**D**′ = ε

**E**′ in the observation point, obtain from Eq. (6):

**Φ**is defined as

**Φ**= ∫(δε

**ê**)E

_{0}(

**r**)exp(−j

**q**·

**r**)dV and components of the vector are

**q**=

**k**′−

**k**.

**ê**direction polarization of incident light and wave vector

**k**′ of diffracted light. We can apply this approximation to the reverse TN-LC diffraction grating (Fig. 1) which has high diffraction efficiency. The diffraction grating is constructed by layers of LC with different orientations of LC molecules in alternating strips. This pattern has been achieved by using a rubbing technique and applying mask for LC layers to create a certain direction of molecules in each alternating strip. The vector director in adjacent strips of each LC layer has angles of same magnitude but in clockwise and counterclockwise directions, relative to y-direction. The angle of vector director gradually changes along z-direction (thickness of LC grating).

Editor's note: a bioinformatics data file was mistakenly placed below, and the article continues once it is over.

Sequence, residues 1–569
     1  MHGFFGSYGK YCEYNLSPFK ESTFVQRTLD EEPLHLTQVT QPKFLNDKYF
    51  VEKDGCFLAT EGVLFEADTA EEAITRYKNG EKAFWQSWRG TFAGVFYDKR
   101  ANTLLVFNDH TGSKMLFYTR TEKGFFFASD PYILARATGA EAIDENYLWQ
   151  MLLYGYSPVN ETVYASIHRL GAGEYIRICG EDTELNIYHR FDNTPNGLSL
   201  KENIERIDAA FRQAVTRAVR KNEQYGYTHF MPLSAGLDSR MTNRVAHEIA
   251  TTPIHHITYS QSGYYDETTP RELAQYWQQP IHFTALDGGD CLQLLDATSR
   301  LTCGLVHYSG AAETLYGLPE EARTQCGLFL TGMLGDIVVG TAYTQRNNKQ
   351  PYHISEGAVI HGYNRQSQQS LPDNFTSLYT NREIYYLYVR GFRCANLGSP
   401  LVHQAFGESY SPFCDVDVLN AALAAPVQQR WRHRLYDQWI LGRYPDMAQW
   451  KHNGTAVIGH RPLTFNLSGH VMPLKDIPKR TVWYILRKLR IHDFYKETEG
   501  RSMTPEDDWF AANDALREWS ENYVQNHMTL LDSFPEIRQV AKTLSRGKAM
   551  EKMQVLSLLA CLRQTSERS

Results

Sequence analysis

*ϕ*is small or equal to zero. The components of electrical field contributing to diffraction in far field, derived from Eq. (7), are

_{y}d

_{y}and d

_{x}d

_{x}do not contribute to diffraction and therefore were neglected in derivation of Eq. (11) and Eq. (12). In addition, the z component of vector

**Φ**was ignored due to its small angle of diffraction. One can notice, for a reverse twisted LC grating, from Eq. (11) and Eq. (12) that linearly polarized the incident light along x axis detracted to the light with polarization along y axis and in contrary the incident light with polarization along y axis diffracted to light with polarization along x axis. If pre-tilt angle ϕ is zero the components of the vector director are d

_{x}= cos(φ)Σ(x) and d

_{y}= sin(φ). The angle φ is the twisting angle. We define the twisted angle as a nearest positive angle of vector director relative to x-axis. The mathematical expression for spatial profile of the vector director at zero tilt angle is: